ERBIL (Kurdistan 24) – An Iraqi diplomat has drawn strong criticism in Australia for docking over 200 dollars of her live-in nanny’s pay over a bottle of shampoo, and was fined $20,000 for underpaying and unfairly dismissing the Filipino domestic worker.
According to Australian news outlets, the Fair Work Commission in Sydney described Consul-General of Iraq to Australia Anwar Alesi’s treatment of her nanny as “disgraceful” and “morally repugnant.”
Juliet Buenaobra was brought to Australia in 2015 on a temporary work visa by the Iraqi diplomat. She was reportedly promised $1750 a month but was paid as little as $800 in cash. In the case, it was discovered that Buenaobra’s salary was deducted every month for expenses such as “board and lodging” – despite having to share a room with the two sons – “incidentals allowance” and “full medical insurance” that was never provided.
The case was raised with Australian authorities after Buenaobra was fired in November 2017 after raising her pay and conditions with the Iraqi Consul-General’s husband, Ammar Salman.
According to the Commissioner, Donna McKenna, in an audio recording, the Filipino nanny was “met with intimidation, shouting” after expressing her concerns and the Iraqi diplomats attempted to make her sign “an agreement concerning further deductions from her wages.”
Shortly after, Buenaobra was dismissed because of her “misconduct” with Alesi’s family and the Filipino national was forced to stay with the family of a friend.
The Iraqi Consulate-General attempted to have Buenaobra’s visa cancelled, claiming she “left to an unknown place and we lost communication with her.”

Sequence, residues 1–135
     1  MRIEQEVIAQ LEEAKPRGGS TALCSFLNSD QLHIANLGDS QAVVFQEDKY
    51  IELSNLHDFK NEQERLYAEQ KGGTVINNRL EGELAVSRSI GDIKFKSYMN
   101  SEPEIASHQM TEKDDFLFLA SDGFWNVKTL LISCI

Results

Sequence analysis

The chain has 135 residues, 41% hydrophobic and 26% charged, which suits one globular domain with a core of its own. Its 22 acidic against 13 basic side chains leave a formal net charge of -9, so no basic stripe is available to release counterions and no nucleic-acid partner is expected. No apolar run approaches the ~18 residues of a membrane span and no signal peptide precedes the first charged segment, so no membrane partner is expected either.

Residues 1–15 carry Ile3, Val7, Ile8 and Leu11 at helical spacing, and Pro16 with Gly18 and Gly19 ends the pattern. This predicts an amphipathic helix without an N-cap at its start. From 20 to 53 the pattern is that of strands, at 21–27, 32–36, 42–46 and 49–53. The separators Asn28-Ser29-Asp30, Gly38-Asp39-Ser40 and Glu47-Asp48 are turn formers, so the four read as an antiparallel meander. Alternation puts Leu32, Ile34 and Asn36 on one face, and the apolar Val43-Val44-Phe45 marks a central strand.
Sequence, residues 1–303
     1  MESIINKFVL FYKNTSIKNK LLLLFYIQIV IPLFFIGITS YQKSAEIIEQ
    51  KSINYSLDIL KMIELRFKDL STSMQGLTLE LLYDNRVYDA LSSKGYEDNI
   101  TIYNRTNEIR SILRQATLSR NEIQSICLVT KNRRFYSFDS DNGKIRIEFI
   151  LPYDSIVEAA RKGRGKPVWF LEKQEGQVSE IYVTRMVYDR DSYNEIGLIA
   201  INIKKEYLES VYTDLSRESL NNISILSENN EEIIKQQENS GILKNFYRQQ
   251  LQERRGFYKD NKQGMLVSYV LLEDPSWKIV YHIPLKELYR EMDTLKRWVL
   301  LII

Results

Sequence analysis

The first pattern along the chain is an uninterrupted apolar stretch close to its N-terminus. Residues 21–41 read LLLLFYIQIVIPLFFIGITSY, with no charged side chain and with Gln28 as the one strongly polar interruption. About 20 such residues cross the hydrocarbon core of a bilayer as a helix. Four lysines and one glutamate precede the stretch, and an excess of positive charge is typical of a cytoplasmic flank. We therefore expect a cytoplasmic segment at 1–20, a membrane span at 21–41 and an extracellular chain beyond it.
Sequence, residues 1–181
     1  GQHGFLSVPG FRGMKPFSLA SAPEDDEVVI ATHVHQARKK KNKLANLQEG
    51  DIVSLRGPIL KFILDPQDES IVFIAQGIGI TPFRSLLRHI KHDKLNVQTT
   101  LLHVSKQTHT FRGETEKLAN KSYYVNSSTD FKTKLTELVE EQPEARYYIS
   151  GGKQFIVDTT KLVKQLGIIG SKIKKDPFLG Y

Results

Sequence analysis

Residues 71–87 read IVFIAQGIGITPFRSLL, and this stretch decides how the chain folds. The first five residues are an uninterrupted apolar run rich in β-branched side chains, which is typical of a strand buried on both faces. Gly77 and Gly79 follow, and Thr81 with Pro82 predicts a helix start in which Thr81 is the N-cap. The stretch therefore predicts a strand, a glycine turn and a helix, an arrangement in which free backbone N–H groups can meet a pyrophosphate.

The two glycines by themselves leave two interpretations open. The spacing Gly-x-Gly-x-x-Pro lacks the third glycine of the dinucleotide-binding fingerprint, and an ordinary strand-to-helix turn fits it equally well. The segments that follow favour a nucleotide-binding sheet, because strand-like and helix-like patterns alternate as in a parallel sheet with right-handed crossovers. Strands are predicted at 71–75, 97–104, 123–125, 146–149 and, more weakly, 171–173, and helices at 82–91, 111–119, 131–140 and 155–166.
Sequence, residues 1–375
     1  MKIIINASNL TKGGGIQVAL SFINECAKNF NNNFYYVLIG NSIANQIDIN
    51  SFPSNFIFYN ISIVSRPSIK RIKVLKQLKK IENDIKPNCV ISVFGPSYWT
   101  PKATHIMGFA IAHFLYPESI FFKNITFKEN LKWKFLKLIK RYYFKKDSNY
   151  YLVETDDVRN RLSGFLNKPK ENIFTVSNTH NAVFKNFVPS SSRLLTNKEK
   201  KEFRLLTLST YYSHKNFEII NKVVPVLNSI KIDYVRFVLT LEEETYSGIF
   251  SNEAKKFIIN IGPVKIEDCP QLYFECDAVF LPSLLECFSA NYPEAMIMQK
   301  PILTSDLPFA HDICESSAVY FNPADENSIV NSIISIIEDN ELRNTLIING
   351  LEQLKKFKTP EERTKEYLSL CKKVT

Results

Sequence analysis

The Fair Work Commission this week ordered Ms. Alesi to repay the maximum possible penalty of 26 weeks’ wages, calculated to be $20,000.
“The dismissal was harsh and unjust and unreasonable,” Ms McKenna said. “I consider the circumstances of the dismissal of the applicant were also morally repugnant.”
“Hand-in-hand with that unfair dismissal, the respondent then moved promptly to try to ensure her visa was cancelled with the likely aim of ensuring the applicant also would have to leave Australia or be deported before any claim or claims might be initiated,” she said.
The Iraqi diplomat was also unable to claim diplomatic immunity from the proceedings and attempted to keep the affair confidential, stating she held concern that the relationship between the Iraqi Government and Australian Government is “very delicate” and that if the evidence became public it “may affect the relationship between the two countries.”
Since the case has garnered attention, there are concerns other diplomatic missions are violating Australian labour laws.
Cases of domestic workers being abused, working under poor conditions, or treated unfairly are not uncommon in Iraq, as many travel from poorer countries to the oil-rich nation to support their families back home.